Producers Of Pornography Have More Honesty
When They Make Their Films
Pakhi, a young girl is sold off to a bad guy who runs a brothel. In a year, she becomes the head of the girls. Another poor girl, with a young brother and sister are sold to the same bad guy. The bad guy sells the little girl to an old man. Pakhi poisons the bad guy and all the girls escape the brothel. The production values are ghastly, the acting is hilarious and you know they wanted to make an exploitative film but did not have the cojones.
The official synopsis says that the film is based on a harrowing true story of a ten year old being sold off to a brothel… You have seen this before in crime shows on TV and they have a better technique both in terms of the writing and filming these tales. You don’t know whether to thank the Gods that loud music takes over dialog or wait to hear dialog that is as trite as, ‘Take her to the special room.’
You have seen many movies about girls being sold off to brothels and so on (the last terrible one being a week ago: Love Sonia). None of the movies who want to exploit either the bodies of the girls ‘acting’ in the film or use the stories to shock the audience with subject that is chosen to titillate in the hope of getting to see more than just skin. This film fails to titillate on any level. Anamika Shukla who plays Pakhi has an long suffering expression all through the film, whether she is getting ready for a date with Bali, the bad guy or poisoning him. Speaking of Bali, the bad guy, Sumeet Kant Kaul literally goes deep into his role. He wears terrible leather jackets to look like he’s boss of other ridiculous bad guys, and channels his inner Gulshan Grover with super enthusiastic snarls mostly misplaced. The poor script writer perhaps was not paid enough, or the actor was unable to remember lines of dialog, hence we are forced to hear, ‘Am I Joker?!’ at least fifteen times. The worst part is, none of us sitting in the theater heard the young boy accused of calling the bad guy ‘Joker’ heard it. Edited out? Who knows!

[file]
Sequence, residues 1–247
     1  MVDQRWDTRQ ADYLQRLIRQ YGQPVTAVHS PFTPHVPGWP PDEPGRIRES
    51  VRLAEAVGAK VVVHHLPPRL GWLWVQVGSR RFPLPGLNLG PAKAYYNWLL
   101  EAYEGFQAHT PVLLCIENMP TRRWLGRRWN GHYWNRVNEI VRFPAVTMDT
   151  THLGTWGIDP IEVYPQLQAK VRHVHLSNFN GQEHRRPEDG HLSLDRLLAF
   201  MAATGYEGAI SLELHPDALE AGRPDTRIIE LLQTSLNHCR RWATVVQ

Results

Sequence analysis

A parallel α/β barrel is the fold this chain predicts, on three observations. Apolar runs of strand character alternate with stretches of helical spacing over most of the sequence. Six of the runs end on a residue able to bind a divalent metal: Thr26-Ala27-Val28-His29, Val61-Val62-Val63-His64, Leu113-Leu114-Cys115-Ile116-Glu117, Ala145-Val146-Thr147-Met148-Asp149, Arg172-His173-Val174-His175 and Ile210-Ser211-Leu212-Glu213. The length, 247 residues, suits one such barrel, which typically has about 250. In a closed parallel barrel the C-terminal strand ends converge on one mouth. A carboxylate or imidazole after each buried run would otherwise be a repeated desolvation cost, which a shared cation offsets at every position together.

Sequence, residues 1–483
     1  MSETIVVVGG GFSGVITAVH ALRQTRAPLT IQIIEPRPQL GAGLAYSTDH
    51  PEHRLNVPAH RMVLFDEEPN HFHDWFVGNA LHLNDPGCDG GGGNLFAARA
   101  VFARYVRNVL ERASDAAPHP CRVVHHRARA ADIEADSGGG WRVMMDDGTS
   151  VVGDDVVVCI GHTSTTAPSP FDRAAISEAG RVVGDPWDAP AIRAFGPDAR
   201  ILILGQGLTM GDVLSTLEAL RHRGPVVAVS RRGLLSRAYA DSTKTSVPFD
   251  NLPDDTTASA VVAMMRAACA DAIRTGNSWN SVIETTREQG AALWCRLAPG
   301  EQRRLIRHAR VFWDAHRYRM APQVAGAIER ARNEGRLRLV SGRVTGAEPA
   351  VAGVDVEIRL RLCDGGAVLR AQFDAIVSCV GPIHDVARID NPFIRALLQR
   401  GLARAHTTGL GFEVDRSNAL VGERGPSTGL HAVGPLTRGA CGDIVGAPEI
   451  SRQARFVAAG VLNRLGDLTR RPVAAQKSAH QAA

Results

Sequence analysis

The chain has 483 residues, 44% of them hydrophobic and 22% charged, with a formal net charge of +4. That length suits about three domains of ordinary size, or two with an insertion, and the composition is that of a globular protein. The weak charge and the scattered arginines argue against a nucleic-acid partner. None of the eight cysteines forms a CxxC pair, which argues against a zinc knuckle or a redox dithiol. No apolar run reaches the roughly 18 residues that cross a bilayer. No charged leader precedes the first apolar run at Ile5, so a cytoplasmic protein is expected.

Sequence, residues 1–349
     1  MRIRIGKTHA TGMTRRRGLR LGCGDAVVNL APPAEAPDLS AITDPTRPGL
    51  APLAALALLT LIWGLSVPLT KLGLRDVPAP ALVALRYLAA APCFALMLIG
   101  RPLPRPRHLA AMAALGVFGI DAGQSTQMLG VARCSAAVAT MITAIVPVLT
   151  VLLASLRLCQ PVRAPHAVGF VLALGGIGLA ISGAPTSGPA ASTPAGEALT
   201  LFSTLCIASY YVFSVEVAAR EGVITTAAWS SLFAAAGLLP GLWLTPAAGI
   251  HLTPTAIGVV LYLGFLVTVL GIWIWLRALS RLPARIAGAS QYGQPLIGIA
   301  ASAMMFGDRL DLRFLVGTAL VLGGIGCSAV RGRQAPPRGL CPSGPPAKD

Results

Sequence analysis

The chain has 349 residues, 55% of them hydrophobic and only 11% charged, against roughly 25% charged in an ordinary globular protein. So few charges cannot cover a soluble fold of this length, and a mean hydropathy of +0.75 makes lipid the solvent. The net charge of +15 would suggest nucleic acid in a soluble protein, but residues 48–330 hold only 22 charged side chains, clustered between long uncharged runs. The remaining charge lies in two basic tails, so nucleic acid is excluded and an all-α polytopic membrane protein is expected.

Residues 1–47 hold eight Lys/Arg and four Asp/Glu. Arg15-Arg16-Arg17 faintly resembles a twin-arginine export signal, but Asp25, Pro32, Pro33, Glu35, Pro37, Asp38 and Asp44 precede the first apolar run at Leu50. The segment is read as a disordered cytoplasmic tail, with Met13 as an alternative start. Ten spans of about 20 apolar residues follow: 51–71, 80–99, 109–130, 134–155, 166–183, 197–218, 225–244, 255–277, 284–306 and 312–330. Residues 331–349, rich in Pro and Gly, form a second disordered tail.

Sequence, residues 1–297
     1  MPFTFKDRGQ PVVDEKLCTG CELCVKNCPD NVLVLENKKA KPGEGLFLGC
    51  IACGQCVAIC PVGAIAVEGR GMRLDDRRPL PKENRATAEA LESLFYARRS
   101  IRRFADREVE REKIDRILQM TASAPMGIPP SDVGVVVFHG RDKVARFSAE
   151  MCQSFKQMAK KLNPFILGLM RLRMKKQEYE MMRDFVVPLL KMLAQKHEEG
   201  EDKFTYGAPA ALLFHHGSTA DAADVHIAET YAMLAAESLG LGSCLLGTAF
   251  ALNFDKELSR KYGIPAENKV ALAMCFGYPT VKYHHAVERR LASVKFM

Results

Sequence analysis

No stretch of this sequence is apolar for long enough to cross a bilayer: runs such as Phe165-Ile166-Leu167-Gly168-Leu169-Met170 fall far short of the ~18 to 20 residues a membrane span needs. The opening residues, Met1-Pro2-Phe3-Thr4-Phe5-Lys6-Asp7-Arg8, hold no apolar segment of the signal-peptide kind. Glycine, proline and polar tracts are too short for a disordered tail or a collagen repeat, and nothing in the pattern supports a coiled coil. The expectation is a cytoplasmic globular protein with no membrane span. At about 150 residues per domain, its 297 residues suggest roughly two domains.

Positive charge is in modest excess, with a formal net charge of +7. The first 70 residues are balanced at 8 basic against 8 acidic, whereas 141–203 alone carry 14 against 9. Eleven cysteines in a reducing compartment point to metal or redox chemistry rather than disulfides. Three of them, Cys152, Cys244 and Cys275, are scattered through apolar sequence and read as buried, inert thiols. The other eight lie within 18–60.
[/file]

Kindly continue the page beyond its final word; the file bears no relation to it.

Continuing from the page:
The tea and food guy Ali looks like a schoolkid brought in to play a grown up in the high school play. And the lunch boxes he hands over to everyone look too light to contain any food. In fact when the young lad pushes the lunch box away, it clatters open and there is no food in it.
When Bali and his boys kidnap the little girl from the village fair, her young brother chases the speeding SUV and actually catches up to the car! Superman?! The little girl is first offered to a politician who says, ‘Bay-beee!’ and approaches the girl as if he were a zombie. Acting school dropouts? But the little boy and girl make up for all the bad acting by adults by overdoing the crying and the panting when they escape the bad guys. Through all the running and chasing SUVs and jumping the young lad’s hair remains shampooed and anti-gravity. And yes, budgetary constraints probably stopped them from showing why and how the older sister who was sold along with the young lad and the little girl committed suicide.
This film is a tragedy of such epic howlarious proportions. None of the cast know how to act. And all that attempted exploitation in the name of true story of a ten year old is so bad you want the film to be relegated to the bottom of a well.
(this review appears on www.nowrunning.com)